Disability doesn’t make you weak, the thought that you can’t do something because of your disability is what’s standing between you and your success, writes AVANTIKA BOSE
Disabled — whenever, we hear this term we immediately associate it with weakness. Some people even think that it would be better to die than become disabled cause that’s the kind of stigma associated with it. Hearing impairment is one such disability which isn’t visible at first but it does create obstacles for those who are suffering from it. In India, 250 children suffer from severe to profound hearing loss. Globally, around 360 million people, ie, 5 per cent of the earth’s population, suffers from hearing loss; and some 32 million of these are children.
Suniye, in the RK Puram area of New Delhi, is a non-profit organisation established in 1995, working with and for hearing impaired children and has become a representative for the hearing impaired community in India. It is managed by parents of hearing impaired children and assisted by professionals, speech therapists, audiologists, doctors, teachers etc. It runs a support school which encourages inclusive education while helping in developing speech and language. They also started a nursery school from April 1, 2017. The primary goal of this organisation is to help hearing impaired children to such an extent that they become useful members of society. Suniye instils so much confidence within a child that despite their disability they are able to do exactly what a child not suffering from hearing impairment can do.
On May 4, Suniye celebrated their annual day function in Delhi Tamil Sangam Auditorium. The place was brimming with enthusiastic children who were excited about their upcoming performance. The chief guest for this event was Pradip Burman, MD of Dabur group. There was also an art exhibit done by the children from Suniye. There was a glimpse of activities that the children had done over the past year as well as a beautiful dance performance by the kids which was choreographed by Prashant Saini of Me Academy. This annual day function and the performances done by these children, that society otherwise views as weak due to their disability, proved that they aren’t any different from kids who don’t suffer from any disability.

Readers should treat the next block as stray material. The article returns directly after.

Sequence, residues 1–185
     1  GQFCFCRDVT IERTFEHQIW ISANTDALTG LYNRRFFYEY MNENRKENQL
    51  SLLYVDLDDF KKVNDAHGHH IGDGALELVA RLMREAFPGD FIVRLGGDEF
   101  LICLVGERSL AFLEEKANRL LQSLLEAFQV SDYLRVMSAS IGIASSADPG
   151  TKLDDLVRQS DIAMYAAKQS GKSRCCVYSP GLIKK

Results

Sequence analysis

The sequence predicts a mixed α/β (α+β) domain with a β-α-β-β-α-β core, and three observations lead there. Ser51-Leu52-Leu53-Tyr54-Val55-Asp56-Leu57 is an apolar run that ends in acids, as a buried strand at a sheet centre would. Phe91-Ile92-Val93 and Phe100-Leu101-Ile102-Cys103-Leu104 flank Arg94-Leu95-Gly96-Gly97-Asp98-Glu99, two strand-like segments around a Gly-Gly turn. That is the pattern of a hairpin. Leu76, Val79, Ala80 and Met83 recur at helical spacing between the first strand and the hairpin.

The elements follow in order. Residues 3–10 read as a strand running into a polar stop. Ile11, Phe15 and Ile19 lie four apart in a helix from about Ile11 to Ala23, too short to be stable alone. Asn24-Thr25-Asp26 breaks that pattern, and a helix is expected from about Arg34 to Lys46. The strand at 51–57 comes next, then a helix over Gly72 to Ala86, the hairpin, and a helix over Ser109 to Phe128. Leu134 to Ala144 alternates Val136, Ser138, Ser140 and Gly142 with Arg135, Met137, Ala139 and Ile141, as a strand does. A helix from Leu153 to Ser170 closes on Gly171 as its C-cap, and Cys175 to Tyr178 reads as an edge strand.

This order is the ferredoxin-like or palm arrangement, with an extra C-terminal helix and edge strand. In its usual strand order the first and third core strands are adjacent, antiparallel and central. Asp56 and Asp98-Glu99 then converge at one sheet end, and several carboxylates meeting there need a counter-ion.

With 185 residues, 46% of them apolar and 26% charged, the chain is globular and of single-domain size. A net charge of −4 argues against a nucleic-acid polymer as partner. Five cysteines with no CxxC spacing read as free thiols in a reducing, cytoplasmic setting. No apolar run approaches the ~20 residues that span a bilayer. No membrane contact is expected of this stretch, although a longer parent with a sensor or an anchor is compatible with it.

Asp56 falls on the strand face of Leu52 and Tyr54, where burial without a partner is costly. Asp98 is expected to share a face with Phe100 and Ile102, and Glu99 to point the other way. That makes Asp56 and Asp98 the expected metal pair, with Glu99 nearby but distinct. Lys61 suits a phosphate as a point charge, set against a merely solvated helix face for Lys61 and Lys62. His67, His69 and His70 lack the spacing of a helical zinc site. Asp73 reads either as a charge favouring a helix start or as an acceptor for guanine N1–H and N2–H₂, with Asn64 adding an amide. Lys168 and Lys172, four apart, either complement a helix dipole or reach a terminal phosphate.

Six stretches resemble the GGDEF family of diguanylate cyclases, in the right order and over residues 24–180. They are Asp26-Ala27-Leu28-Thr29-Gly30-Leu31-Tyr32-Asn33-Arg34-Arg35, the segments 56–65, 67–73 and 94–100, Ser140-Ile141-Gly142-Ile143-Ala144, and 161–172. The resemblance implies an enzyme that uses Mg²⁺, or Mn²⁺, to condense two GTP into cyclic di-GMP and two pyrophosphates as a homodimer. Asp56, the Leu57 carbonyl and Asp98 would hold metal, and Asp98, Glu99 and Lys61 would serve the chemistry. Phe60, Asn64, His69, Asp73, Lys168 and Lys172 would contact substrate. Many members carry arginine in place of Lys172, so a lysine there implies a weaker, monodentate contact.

I got the opportunity of not only attending the annual day function but also speaking with some alumni of Suniye. The following are their stories:
Purvi: I was two and a half years old when I joined Suniye. Here I learned how to speak, draw and play various games. Because of Suniye I was able to participate in a lot of functions and we went out for picnics too. Suniye helped me with my speech and prepared me for the real world. I am very proud of who I am, all thanks to Suniye and have learned to value my life. I realised that I’m an amazing person, no lesser than anyone else. I’ll be going to the University of Texas, Dallas for Bachelors in Computer Engineering.
Shubham: People or children in school made fun of me. It was in Suniye that I was able to gain confidence and they helped me with my speech. Participating in functions and in various activities also really helped me and prepared me for the real world. Suniye gave me so much motivation that it made me realise that disability doesn’t come in the way of success. Currently I’m preparing to get into IIT and I’m extremely interested in gaming.
Cheenu: I started coming to Suniye ever since I was a kid. Suniye provided me the mentorship that I needed as well as helped me with my speech. This organisation has made me confident, motivated me to become the person that I’m today. I run my own software development company called clinchpad.com.
The children who are still a part of Suniye as well as the alumni make it very clear with their performances and how they’re facing the real world head-on that the handicap of deafness isn’t in the ear; but in the mind. They have proved that where there’s a will there’s a way. They aren’t allowing the fact that their hearing is impaired come in the way of their success. Neither are they viewing it as a weakness.
They also teach us something important, that how in life even if a little bit goes wrong we start blaming everyone and start feeling victimised. Whereas, these kids who don’t have the ability to hear are facing life and not letting their disability to hold them back. There is just so much that we can learn from these children.